Visually, it is a feast of riotous colour - stunning interiors, beautiful women in gorgeous dresses and men in either impressive uniforms or the masculine elegance of Edwardian menswear. What's not to like? Jack Cardiff, the cinematographer, yet again demonstrates his unique painterly skill as the finest Technicolor camaraman ever. He displays Marilyn Monroe's beauty better than any other cinematographer has ever done.

The comments that Olivier's acting is "wooden" and that Monroe acts him off the screen are just ridiculous. Olivier is an actor, for heaven's sake, and is playing a Balkan prince of no charm and sombre character. The first five minutes alone - where he thanks the line of actors - is memorably funny with Olivier's subtle interpretation of a bored royal's public relations ritual. He brilliantly contrasts the prince's distant, embarrassed, response to forward yoicks to his attempts at flirtatious conversation with attractive young and not-so-young women. And the carriage scene, in which his ferocious demeanour melts into a wintry smile at the young, impressionable girl's evident excited enjoyment of the occasion is Olivier at his best. Watch his impeccable timing as he delivers his comic lines - it looks just so easy and natural, until we try to do it ourselves! Superb acting. This film also demonstrates that he was an excellent director, as good as any. The pacing, the characterisation, the way in which the story is played out to us, the precise timing of the many comic situation set-pieces, show directorial skills of the highest order.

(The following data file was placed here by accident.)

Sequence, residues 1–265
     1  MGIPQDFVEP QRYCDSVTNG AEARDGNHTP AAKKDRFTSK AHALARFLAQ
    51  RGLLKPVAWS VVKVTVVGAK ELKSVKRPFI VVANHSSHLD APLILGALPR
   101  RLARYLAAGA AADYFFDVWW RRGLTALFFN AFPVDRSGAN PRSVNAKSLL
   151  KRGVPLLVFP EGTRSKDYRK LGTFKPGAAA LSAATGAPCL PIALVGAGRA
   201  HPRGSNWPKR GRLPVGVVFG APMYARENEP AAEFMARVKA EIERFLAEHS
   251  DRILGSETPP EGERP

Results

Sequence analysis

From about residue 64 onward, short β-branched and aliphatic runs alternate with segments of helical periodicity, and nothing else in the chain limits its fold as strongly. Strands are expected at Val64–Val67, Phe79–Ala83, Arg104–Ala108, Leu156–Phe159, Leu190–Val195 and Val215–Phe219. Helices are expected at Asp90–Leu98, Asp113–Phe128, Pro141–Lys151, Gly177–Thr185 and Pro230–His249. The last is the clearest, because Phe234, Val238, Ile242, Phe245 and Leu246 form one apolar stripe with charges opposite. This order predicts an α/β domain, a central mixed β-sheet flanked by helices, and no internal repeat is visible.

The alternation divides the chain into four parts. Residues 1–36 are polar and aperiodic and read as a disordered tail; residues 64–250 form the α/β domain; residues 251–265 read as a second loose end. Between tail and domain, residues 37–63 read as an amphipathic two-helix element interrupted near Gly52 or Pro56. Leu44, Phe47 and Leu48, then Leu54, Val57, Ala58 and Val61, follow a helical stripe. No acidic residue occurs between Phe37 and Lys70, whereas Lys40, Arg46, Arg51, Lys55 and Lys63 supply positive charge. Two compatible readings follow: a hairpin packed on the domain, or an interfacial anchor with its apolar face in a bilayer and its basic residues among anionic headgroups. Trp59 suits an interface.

Anyone who believes that Monroe could not act should be made to watch this movie. She clearly demonstrates here that she was a naturally talented actress with a particular skill for comedy. Unfortunately, in her personal life she was surrounded by hangers-on, some of whom had only their own interests at heart, and some who were plain nutters. Between them they destroyed her self-confidence and suppressed her own natural talent. Here, with first-class, sympathetic direction from Olivier, she was permitted to shine and show what she could do. She was no puppet, however. Her facial expressions and body language, throughout the film, display natural acting talent of a high order, far beyond anything that could be achieved by blind responses to a directorial Svengali. Watch her, for instance, during the Coronation scene, as the rituals of an Old World society begin to impress her New World instincts. The stories that Olivier was driven to the edge by her frustrating behaviour during shooting only emphasises more strongly his directorial talents - nothing of this shows in the movie we see.